Spirulina is a blue-green alga (cyanobacterium) that has been consumed as food in many countries since ancient times. It is presently marketed as a food supplement (nutraceutical) due to its high contents of proteins, γ-linolenic acid, vitamins and minerals . Many toxicological studies have proven Spirulina's safety. Spirulina now is listed by the US Food and Drug Administration under the category Generally Recognized as Safe (GRAS) [20–24].
Spirulina and many other Cyanobacteria had been found to exhibit many immune-stimulating and antiviral activities not only in-vitro but also in animals and human volunteers. It had been found to activate macrophages, NK cells, T cells, B cells, and to stimulate the production of antibodies and cytokines. It enhances Interferon gamma (IFN-γ) production in an interleukin12, 18 (IL-12/IL-18)-dependent fashion [25–29].
Many natural substances derived from blue-green algae such as Sulfated homopolysaccharides and Sulfoglycolipids demonstrated monocyte/macrophage activation properties and found to substantially increase mRNA levels of key cytokines like interleukin-1beta (IL-1beta) and tumor necrosis factor-alpha (TNF-alpha) .
Calcium spirulan (Ca-SP), a natural sulfated polysaccharide, isolated from Spirulina platensis had been found to be a potent inhibitor against several enveloped viruses. Ca-SP was shown to target not only viral absorption/penetration stages but also some replication stages of progeny viruses after penetration into cells [31, 32].
Whereas Cyanovirin-N (CV-N)[33–35] and Microvirin (MVN)[36, 37] are two examples of mannose specific lectins isolated from blue green algae. They had been found to potently inactivate diverse strains of HIV and other enveloped viruses in nanomolar concentrations through preventing essential interactions between the virus envelope glycoprotein and target cell receptors [33–35].
At low nanomolar concentrations, CV-N was demonstrated to bind to HCV envelope glycoproteins, to block the interaction between the envelope protein E2 and CD81, a cell surface molecule involved in HCV entry [38, 39].
The availability of Spirulina as an over the counter safe dietary supplement with reasonable costs added to the abovementioned data supporting both antiviral and immune-stimulant activities urged us to conduct this pilot clinical trial to test safety and efficacy of this supplement in patients with chronic hepatitis C.
Study design and setting
The study was conducted in an outpatient setting according to a randomized, double-blind, comparative study design with mean follow-up of 6 months.
To detect a 0.17 difference in proportion of responders between both comparison groups, with 80% power and two tailed 5% level of significance, the minimal sample size was calculated to be 30 for each group.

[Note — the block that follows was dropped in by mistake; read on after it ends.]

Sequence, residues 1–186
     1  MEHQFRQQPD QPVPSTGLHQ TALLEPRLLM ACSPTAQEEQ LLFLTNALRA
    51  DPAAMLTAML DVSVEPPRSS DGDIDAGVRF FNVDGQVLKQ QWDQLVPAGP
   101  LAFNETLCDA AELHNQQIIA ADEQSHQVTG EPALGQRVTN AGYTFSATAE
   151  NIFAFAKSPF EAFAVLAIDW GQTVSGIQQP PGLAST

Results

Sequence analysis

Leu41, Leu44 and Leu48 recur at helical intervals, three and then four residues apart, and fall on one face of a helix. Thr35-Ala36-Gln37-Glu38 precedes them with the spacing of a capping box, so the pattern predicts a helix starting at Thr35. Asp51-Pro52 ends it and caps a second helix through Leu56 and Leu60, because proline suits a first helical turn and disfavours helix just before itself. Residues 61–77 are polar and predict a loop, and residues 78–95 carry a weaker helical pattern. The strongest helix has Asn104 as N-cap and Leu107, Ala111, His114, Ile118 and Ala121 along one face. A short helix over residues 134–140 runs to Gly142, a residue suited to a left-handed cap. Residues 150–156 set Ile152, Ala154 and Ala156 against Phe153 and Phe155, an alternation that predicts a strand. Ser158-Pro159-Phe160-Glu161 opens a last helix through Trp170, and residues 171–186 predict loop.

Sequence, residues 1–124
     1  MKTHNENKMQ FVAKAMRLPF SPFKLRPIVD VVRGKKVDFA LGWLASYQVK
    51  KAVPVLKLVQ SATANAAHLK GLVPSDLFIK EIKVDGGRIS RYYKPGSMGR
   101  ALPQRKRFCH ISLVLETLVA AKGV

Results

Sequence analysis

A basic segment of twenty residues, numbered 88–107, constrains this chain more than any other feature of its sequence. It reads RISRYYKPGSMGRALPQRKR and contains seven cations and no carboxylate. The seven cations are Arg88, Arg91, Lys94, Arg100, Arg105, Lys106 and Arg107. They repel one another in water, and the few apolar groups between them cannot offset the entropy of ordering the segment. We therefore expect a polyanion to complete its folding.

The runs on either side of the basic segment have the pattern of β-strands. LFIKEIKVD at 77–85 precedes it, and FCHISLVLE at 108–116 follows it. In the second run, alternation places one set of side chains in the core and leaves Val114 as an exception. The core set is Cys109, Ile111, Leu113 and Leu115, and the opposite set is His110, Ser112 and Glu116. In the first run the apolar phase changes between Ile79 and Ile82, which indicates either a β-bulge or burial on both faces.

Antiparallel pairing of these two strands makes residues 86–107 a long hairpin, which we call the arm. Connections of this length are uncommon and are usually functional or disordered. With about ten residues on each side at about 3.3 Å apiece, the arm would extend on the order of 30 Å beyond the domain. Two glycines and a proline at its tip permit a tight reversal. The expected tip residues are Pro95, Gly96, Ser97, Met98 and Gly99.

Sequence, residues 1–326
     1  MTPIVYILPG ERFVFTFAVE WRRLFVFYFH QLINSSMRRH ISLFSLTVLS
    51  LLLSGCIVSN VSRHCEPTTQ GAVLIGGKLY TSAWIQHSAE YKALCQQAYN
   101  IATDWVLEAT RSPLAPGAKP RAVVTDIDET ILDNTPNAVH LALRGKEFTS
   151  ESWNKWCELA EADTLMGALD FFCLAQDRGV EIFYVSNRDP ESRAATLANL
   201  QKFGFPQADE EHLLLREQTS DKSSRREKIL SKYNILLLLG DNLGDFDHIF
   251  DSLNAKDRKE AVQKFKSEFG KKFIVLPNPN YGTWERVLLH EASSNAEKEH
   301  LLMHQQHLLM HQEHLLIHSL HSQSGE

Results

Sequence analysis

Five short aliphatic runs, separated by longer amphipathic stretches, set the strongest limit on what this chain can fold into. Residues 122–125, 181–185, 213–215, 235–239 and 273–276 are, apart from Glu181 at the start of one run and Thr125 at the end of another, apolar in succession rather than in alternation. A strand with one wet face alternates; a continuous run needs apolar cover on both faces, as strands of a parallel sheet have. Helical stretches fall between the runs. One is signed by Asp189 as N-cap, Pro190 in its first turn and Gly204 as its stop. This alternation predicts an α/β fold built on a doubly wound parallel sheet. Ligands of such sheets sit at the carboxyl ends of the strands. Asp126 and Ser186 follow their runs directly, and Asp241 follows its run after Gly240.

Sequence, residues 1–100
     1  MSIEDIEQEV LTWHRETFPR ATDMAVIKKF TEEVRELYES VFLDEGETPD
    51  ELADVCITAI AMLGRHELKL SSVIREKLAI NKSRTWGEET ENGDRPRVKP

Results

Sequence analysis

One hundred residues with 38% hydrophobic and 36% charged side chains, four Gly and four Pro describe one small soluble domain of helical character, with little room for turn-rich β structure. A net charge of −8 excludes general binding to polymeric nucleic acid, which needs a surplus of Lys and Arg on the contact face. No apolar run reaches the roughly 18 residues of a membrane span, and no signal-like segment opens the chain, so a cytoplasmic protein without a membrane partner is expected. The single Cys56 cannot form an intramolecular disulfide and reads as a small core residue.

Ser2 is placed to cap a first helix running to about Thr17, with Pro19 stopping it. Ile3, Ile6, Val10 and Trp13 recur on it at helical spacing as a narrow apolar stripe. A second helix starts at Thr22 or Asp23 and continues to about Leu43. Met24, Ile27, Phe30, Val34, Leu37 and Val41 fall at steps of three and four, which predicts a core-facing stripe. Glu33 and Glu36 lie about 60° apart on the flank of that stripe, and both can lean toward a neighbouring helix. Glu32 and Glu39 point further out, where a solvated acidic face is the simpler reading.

Sixty six eligible patients with documented chronic hepatitis C, genotype 4 had been included in the study according to the following criteria:
• Chronic hepatitis C infection genotype 4 with PCR positive test +/- elevated liver enzymes.
• Males or females between 18 and 70 years old.
• Interferon naive (not previously treated with interferon alone or combined with ribavirin therapy).
• Relapsers (patients with a transient virological response to previous interferon or combined therapy), or non-responders to interferon or combined therapy are eligible if they stopped the antiviral drugs at least 3 months before recruitment.
• Pregnant females.
• Patients with other causes of hepatitis, concurrent HIV virus infection, or active Schistosomiasis.
• Critically ill complicated patients with severe hepatic failure, malignancy or multi-organ failure.
The study protocol was reviewed and approved by the local ethical committee according to the Declaration of Helsinki. All subjects gave written, informed consent before any study-related procedures were performed.
Eighty five consecutive patients presenting to the 2 outpatient clinics from October 2008 to March 2010 as known cases of chronic hepatitis C infection or just newly diagnosed from history, clinical examination, 3rd generation ELISA plus/or minus elevated liver enzymes were assessed for eligibility, by being subjected to full history taking, clinical examination and the following tests:
• Detection of HCV-RNA by PCR quantitative measurements by COBAS Amplicor 2.0, Roche Molecular Diagnostics, Pleasanton, CA, USA (lower limit of detection of 50 IU/mL).
• Screening test for HBsAg, anti-HIV, Shistosoma antigens.
• Upper abdominal and liver ultrasonography,
• Liver and kidney functions tests, urine analysis, stools analysis, complete blood count.
Patients fulfilling the inclusion/exclusion criteria were randomly divided into 2 arms:
1. An experimental group who started treatment with Spirulina 500 mg dry powder extract capsules (a product of Beovita-Safe Pharma, a German - Egyptian Pharmaceutical Company, headquartered in Alexandria, Egypt) in a dose of one capsule 3 times daily for a period of 6 months.
2. A control group who took Silymarin 140 mg capsules (generic product prepared by the same company) in a dose of one capsule 3 times daily for the same period.
Both drugs were packed in similar containers of 60 capsules of similar color and shape, packed and coded by Beovita Safe Company researchers blinded to the randomization process.
Randomization was done using software generated block randomization technique and both patients and investigators were blinded for the allocated drug. The randomization list and the drug codes were locked in sealed envelopes till the end of follow up period, final assessment and statistical analysis.